On that same date, Virginia Henkels, Swift Transportation Company's CFO, signed a document entitled “Indiana Notice Uninsured/Underinsured Motorists Coverage ” (the “Indiana Rejection Document”). (DE 35-4.) The Indiana Rejection Document included the 2010 policy number and recited that Indiana law requires insurers to provide uninsured and underinsured motorists coverage, but that the named insured can reject the coverage. Under the heading “Coverage Selection, ” Henkels checked a box stating she agreed “that Underinsured and Underinsured Motorists Bodily Injury and Uninsured Motorists Property Damage coverage are hereby rejected in their entirety.” (Id. at 1.) Just above the signature line, the Indiana Rejection Document contained the following language:

I understand and agree that the choices indicated above will apply to this policy and all future renewals, reinstatements or replacements of this policy unless a written request for a change is received and approved by the Company.

(Id. at 2.) In addition to the date signed, an effective date of February 1, 2010, appears on the document.

         There was a commercial automobile liability policy in place with Red Rock as the insurer and Swift Transportation Company as the named insured each year from 2010 through 2015. Each policy bore the number RRG136818 with a hyphen after the final eight followed by the year of the policy, so that the policy for 2015 was assigned the number RRG136818-15. Each year the policy would be put together by Swift Transportation Company at a meeting with its broker, Aon. Aon would then compile all the forms and endorsements that make up the policy and keep the original of the policy.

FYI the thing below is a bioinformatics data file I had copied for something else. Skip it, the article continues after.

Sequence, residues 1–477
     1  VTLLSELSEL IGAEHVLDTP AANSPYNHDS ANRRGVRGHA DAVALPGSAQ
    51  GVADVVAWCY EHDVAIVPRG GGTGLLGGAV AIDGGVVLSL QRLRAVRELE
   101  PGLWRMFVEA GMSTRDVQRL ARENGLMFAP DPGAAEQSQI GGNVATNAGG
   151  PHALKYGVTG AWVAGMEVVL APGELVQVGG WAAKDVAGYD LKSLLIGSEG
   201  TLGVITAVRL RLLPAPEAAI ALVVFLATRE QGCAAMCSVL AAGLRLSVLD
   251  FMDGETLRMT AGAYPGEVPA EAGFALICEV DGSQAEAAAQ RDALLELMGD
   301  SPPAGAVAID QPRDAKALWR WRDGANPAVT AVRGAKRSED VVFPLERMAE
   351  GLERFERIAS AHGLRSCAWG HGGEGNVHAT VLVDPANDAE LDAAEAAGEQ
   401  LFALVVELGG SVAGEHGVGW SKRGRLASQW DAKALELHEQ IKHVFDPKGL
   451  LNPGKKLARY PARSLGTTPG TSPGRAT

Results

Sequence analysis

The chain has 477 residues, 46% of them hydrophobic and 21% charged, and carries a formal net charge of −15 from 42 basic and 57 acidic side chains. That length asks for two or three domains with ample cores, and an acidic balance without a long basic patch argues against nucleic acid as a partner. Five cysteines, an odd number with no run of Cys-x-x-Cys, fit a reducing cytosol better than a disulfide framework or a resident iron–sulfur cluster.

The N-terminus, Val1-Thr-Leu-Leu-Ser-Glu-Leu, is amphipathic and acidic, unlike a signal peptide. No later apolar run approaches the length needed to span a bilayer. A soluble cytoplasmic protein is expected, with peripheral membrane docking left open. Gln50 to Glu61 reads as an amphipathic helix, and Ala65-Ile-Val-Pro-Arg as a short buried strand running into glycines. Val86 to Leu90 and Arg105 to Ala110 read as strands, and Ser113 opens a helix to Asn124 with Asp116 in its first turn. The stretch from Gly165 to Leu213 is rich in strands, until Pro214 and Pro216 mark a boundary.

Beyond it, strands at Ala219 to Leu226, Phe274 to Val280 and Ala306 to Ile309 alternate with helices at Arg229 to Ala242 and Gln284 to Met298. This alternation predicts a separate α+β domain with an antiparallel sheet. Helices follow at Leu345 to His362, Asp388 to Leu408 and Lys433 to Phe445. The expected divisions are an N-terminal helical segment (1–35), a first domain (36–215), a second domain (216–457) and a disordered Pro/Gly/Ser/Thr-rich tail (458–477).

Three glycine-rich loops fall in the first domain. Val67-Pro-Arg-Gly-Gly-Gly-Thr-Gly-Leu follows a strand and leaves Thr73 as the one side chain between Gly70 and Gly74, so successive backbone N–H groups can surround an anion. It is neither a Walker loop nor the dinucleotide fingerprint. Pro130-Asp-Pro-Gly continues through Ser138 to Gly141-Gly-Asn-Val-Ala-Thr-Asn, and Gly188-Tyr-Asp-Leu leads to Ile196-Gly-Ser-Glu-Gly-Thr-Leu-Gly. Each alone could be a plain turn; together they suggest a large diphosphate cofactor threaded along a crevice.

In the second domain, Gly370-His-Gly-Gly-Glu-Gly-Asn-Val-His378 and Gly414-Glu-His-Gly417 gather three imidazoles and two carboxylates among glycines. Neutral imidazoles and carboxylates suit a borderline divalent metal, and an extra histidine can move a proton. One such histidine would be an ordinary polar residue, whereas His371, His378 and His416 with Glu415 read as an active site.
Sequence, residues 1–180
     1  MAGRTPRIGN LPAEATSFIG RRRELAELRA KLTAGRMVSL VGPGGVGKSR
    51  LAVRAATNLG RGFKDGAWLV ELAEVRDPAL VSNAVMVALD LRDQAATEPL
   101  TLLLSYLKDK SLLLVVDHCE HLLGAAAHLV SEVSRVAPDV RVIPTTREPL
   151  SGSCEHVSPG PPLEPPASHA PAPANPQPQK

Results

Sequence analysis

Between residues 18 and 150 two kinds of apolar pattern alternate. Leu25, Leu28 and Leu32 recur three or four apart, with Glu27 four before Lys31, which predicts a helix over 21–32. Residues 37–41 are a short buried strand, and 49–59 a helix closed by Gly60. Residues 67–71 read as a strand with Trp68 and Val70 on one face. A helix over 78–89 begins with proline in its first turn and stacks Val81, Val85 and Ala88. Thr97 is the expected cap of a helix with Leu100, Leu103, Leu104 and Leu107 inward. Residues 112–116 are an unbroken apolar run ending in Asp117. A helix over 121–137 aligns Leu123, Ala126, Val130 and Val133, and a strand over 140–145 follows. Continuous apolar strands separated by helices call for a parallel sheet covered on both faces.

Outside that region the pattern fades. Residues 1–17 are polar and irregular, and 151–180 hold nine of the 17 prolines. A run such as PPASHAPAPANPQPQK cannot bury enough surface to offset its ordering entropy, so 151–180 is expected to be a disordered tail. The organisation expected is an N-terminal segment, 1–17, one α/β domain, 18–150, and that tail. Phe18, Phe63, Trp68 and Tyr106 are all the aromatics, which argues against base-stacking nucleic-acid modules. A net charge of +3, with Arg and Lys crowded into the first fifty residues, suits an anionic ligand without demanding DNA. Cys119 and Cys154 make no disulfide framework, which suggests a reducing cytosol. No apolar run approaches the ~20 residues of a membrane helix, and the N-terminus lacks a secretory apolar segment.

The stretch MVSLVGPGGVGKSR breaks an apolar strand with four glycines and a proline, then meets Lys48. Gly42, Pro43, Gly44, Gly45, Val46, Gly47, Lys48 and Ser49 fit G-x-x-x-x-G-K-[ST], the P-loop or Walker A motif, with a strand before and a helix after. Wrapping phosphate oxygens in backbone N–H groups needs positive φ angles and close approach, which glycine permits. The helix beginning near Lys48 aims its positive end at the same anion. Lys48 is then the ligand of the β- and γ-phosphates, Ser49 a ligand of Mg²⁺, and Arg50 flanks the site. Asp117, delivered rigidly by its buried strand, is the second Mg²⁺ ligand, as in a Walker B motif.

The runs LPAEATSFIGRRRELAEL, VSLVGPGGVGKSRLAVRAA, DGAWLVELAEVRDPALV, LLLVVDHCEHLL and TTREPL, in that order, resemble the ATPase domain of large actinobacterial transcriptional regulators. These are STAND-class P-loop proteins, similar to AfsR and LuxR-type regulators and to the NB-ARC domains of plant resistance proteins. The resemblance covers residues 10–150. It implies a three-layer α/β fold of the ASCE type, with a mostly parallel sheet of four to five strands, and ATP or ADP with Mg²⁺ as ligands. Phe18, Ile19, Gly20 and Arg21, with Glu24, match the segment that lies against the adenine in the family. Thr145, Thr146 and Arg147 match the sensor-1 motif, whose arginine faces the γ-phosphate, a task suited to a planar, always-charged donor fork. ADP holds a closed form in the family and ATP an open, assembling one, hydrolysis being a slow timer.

Included with the documents comprising the 2010 policy is a stack of uninsured and underinsured motorist coverage/rejection forms for some thirty-three states, including the Indiana Rejection Document. The first form in the stack, applicable to the state of Alaska, is stamped “RECEIVED Mar 4 2010 Aon Risk Services, SW.” (DE 37-4.) The Indiana Rejection Document is not mentioned in any table or schedule of the 2010 policy. After 2010, Red Rock did not again offer Swift Transportation Company underinsured motorist coverage and Swift Transportation Company did not sign a document similar to the ...